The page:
Religious Education's Ties to Historic Sites

Historian's Corner

Scott C. Esplin

Scott C. Esplin ( was an assistant professor of Church history and doctrine at BYU when this was published.

2 men in front of a cabin

Teaching the gospel of Jesus Christ, faculty members in Religious Education enjoy the opportunity to walk students figuratively across the sacred ground of scripture. However, literally studying on-site can bring additional power. “Inspiration comes easier,” President Boyd K. Packer counseled BYU faculty, “when you can set foot on the site.”[1] Because of the increased blessing for teaching and scholarship associated with on-site experience, Religious Education has long ties to studying the sacred ground of the Restoration.

The fall 2009 issue of the BYU Religious Education Review highlighted the work of Daniel H. Ludlow in taking the first group of BYU students to the Holy Land as well as Larry C. Porter and Richard L. Anderson’s contributions to locating the sites for the reconstructed Joseph Smith Sr. and Peter Whitmer Sr. log homes in New York. While these and other faculty members have contributed greatly to the on-site experience for thousands of Church members who annually retrace sacred steps, other Religious Education endeavors contribute to scholarly understanding of historic sites. One program nearly twenty-five years in operation has aided the study of Church history worldwide. Inaugurated in 1985, the Regional Studies in Latter-day Saint Church History series has produced fifteen volumes analyzing the history of the Church in New England, New York, Pennsylvania, Ohio, Missouri, Illinois, Arizona, California, Canada, Great Britain, Europe, and the Pacific Isles. Focusing regionally, the scholarship explores topics from the early Restoration through current issues related to an international church. Each regional study, currently conducted biennially, includes academic research on the chosen location, coupled with scholarly presentations and site visits.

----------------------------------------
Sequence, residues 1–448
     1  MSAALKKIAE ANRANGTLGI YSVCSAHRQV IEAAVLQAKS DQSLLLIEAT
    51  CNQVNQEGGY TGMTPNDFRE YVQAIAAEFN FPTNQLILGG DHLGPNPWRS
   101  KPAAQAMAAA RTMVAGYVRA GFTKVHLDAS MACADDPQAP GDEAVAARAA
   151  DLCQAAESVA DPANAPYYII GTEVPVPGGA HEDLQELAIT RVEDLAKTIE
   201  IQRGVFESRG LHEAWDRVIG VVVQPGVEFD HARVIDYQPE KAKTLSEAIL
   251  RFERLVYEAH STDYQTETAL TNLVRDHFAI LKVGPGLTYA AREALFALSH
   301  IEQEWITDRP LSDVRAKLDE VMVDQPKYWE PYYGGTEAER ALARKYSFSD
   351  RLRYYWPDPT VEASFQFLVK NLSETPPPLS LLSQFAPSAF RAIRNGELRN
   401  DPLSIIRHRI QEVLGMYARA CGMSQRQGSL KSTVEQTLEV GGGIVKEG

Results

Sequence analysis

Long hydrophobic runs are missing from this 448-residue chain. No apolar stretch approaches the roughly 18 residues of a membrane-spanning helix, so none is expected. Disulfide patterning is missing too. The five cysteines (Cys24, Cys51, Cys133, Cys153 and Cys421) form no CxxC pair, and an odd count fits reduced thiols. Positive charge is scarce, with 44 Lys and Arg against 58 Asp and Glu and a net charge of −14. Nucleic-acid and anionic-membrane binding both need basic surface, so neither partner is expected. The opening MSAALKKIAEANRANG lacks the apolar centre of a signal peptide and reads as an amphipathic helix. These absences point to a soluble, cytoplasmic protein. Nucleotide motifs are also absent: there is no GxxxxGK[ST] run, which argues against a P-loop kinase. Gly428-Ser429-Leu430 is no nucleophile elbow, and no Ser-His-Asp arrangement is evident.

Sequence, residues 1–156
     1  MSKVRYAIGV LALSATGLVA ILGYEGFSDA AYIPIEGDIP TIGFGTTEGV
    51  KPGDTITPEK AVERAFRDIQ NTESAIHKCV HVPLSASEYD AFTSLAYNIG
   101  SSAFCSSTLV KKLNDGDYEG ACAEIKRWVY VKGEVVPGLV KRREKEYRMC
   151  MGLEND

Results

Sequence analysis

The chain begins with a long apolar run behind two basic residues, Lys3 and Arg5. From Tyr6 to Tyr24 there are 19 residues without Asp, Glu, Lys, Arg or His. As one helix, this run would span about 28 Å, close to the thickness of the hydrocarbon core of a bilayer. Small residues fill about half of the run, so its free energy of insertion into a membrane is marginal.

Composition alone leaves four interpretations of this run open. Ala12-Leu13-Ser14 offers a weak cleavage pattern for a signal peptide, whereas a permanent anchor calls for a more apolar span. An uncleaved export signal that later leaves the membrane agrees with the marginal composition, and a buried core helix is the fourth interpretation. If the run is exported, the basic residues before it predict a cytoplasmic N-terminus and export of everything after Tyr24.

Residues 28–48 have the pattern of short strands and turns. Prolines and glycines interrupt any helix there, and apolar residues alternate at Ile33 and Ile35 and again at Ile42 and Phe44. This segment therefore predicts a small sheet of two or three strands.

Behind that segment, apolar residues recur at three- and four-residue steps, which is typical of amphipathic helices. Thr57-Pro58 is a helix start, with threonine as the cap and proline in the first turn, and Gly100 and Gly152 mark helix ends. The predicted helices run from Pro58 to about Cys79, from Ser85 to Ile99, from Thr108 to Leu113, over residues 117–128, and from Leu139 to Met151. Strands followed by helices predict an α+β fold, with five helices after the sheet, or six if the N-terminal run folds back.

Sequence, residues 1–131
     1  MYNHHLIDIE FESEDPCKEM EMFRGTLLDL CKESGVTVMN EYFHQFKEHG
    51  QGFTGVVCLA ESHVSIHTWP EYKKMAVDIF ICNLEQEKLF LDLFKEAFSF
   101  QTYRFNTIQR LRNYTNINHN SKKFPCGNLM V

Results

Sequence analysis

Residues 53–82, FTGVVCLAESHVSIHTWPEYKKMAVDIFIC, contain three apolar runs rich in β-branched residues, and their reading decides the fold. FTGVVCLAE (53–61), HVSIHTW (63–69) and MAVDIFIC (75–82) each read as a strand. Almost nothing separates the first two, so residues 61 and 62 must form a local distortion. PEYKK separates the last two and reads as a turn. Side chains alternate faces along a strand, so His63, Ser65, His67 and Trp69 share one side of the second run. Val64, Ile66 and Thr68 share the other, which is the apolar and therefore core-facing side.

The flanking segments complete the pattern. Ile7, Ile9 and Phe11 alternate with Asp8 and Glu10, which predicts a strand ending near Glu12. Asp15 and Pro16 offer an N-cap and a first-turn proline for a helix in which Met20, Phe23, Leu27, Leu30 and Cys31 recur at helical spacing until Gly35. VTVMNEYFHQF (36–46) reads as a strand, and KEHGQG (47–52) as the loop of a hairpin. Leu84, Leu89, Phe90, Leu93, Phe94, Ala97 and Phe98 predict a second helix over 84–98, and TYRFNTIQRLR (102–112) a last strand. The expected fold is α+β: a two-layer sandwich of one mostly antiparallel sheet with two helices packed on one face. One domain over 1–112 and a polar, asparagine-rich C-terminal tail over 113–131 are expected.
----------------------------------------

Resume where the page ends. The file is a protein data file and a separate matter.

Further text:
The idea for research and travel to historic sites originated with Keith W. Perkins, former chair of the Department of Church History and Doctrine. As the childhood home of Joseph Smith, New England was selected for the initial symposium in the summer of 1985 because “it is the birthplace and seedbed of Mormonism.”[2] Following completion of their research, participants in the original study reflected on the experience, noting that “future teaching concerning the Saints, the Macks, the Smiths, and New England would never again be the same [because] people, places and events in New England were now a living part of their consciousness.”[3]

Subsequent studies continued the focus on sites significant to both the early and modern Church including Arizona (1986), New York (1988, 1999), Ohio (1989, 2004), Missouri (1991), Illinois (1993), and Pennsylvania (1999). Later editions coincided with sesquicentennial celebrations of the Church in Great Britain (1987), California (1996), and continental Europe (2000) or shined a historical light on Church growth in international regions like Western Canada (1998), Upper Canada (2004), and the Pacific Isles (2008). Visits to each region included interactions with members, leaders, and local historians. Overall, the program has amassed a significant body of scholarly work on historic Church sites, including more than 175 articles devoted to the regional themes.

Editors for the 1988 New York symposium summarized the impact of these studies. “For the historian,” Larry C. Porter, Milton V. Backman Jr., and Susan Easton Black wrote, “there is little that can compensate for standing on the ground where events transpired. Even with the many changes that have come through the years, there is a particular sense of physical direction, setting, and certainly a feel for the historical events themselves which can be recreated, if only in part, by being on-site.”[4] The Regional Studies series has “increased our ability as teachers to illustrate more accurately the historical and spiritual legacy of The Church of Jesus Christ of Latter-day Saints.”[5]


[1] Boyd K. Packer, “The Snow-White Birds,” BYU, Annual University Conference, 1995.

[2] Donald Q. Cannon, ed., Regional Studies in Latter-day Saint Church History: New England (Provo, UT: Department of Church History and Doctrine, Brigham Young University, 1988), v.

[3] Cannon, New England, v.

[4] Larry C. Porter, Milton V. Backman Jr., and Susan Easton Black, eds., Regional Studies in Latter-day Saint Church History: New York (Provo, UT: Department of Church History and Doctrine, Brigham Young University, 1988), ix.

[5] Porter, Backman, and Black, New York, ix.